Over at JTA Election Central, we posted on Liz Cheney’s not so veiled swiped at the Bush-Rice policy of pressing for the Palestinian elections that culminated with a Hamas victory. Josh Marshall of TalkingPointsMemo linked to our post, under the headline “All in the Family,” referring to Cheney’s vice-presidential dad.
We must isolate Hamas unless and until they renounce terrorism, recognize Israel’s right to exist, and abide by past agreements. There is no room at the negotiating table for terrorist organizations. That is why I opposed holding elections in 2006 with Hamas on the ballot. The Israelis and the Palestinian Authority warned us at the time against holding these elections. But this Administration pressed ahead, and the result is a Gaza controlled by Hamas, with rockets raining down on Israel.
Rice is sticking to her guns. Here’s what she had to say about the topic in a recent essay that she wrote for Foreign Affairs:
When Hamas won elections in the Palestinian territories, it was widely seen as a failure of policy. But although this victory most certainly complicated affairs in the broader Middle East, in another way it helped to clarify matters. Hamas had significant power before those elections – largely the power to destroy. After the elections, Hamas also had to face real accountability for its use of power for the first time. This has enabled the Palestinian people, and the international community, to hold Hamas to the same basic standards of responsibility to which all governments should be held. Through its continued unwillingness to behave like a responsible regime rather than a violent movement, Hamas has demonstrated that it is wholly incapable of governing.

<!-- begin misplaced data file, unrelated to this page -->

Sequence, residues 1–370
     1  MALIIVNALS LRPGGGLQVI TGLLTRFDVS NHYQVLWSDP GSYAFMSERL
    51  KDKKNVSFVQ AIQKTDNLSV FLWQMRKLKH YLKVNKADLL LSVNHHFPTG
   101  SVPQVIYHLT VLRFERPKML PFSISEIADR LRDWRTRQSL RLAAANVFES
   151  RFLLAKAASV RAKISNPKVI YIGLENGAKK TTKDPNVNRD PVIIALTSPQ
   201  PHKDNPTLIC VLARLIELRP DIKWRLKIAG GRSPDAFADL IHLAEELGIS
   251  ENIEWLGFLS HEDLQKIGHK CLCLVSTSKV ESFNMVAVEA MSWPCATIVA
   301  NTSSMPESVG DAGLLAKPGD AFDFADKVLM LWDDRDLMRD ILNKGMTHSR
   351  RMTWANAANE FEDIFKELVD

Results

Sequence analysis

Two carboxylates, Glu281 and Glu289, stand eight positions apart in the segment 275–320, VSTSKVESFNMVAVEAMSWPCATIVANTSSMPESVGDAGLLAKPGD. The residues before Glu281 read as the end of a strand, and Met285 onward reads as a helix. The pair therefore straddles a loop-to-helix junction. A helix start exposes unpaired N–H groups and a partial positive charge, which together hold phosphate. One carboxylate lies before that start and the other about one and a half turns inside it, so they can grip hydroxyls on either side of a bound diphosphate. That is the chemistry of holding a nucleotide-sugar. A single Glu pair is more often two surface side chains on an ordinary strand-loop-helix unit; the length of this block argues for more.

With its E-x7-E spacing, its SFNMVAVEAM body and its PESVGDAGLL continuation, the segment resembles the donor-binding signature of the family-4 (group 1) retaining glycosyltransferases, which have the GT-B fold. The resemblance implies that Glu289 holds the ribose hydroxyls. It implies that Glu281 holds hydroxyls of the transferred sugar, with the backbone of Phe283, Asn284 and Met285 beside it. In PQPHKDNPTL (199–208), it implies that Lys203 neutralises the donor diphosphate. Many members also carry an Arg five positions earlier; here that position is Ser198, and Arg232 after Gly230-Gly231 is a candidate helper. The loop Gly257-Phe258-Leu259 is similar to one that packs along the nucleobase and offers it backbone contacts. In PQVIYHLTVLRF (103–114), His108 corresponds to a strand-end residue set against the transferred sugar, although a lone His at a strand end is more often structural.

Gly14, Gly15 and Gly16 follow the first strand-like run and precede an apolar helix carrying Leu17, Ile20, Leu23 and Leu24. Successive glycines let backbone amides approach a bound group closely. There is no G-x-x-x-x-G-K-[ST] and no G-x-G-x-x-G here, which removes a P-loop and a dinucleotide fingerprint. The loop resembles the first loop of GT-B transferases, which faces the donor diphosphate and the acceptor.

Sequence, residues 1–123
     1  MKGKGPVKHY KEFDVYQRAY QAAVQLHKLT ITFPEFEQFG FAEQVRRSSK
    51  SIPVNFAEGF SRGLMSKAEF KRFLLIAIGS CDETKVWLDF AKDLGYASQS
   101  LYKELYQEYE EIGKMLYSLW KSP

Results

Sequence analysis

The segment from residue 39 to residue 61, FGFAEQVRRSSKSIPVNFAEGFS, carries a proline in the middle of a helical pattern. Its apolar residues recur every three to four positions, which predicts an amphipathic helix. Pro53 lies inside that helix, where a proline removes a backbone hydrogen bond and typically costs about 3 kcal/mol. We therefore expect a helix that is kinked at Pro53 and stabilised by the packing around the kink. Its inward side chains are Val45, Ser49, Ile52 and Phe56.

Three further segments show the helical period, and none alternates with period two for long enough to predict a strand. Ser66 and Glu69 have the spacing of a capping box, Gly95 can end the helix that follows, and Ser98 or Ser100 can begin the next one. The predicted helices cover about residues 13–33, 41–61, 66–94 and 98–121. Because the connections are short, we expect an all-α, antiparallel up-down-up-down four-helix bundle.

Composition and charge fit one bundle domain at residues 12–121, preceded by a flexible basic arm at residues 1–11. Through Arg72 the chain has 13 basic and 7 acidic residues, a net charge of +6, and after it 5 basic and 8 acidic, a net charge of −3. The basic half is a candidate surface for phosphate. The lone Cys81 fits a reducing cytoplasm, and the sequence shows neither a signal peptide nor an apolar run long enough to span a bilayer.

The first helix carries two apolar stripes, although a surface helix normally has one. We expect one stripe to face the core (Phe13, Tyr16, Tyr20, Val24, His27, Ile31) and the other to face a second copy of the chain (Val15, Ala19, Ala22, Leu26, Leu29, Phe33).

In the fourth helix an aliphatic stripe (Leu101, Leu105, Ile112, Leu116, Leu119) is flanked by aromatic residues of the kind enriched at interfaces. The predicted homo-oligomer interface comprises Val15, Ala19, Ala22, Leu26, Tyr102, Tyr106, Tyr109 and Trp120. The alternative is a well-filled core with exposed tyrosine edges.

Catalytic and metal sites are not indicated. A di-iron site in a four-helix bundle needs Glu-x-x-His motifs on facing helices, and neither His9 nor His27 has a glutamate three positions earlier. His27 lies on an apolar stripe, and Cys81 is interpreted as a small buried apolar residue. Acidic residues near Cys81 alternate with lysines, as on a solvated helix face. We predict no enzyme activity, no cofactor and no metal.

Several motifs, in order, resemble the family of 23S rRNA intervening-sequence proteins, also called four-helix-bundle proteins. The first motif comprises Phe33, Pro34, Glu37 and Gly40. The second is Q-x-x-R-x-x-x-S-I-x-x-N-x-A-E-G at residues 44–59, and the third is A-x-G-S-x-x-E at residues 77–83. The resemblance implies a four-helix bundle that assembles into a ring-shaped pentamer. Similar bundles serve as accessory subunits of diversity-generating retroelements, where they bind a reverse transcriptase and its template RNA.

Much attention has been focused on Gaza, which Hamas holds hostage to its incompetent and brutal policies. But in other places, the Palestinians have held Hamas accountable. In the West Bank city of Qalqilya, for instance, where Hamas was elected in 2004, frustrated and fed-up Palestinians voted it out of office in the next election. If there can be a legitimate, effective, and democratic alternative to Hamas (something that Fatah has not yet been), people will likely choose it. This would especially be true if the Palestinians could live a normal life within their own state.
The participation of armed groups in elections is problematic. But the lesson is not that there should not be elections. Rather, there should be standards, like the ones to which the international community has held Hamas after the fact: you can be a terrorist group or you can be a political party, but you cannot be both. As difficult as this problem is, it cannot be the case that people are denied the right to vote just because the outcome might be unpleasant to us. Although we cannot know whether politics will ultimately deradicalize violent groups, we do know that excluding them from the political process grants them power without responsibility. This is yet another challenge that the leaders and the peoples of the broader Middle East must resolve as the region turns to democratic processes and institutions to resolve differences peacefully and without repression.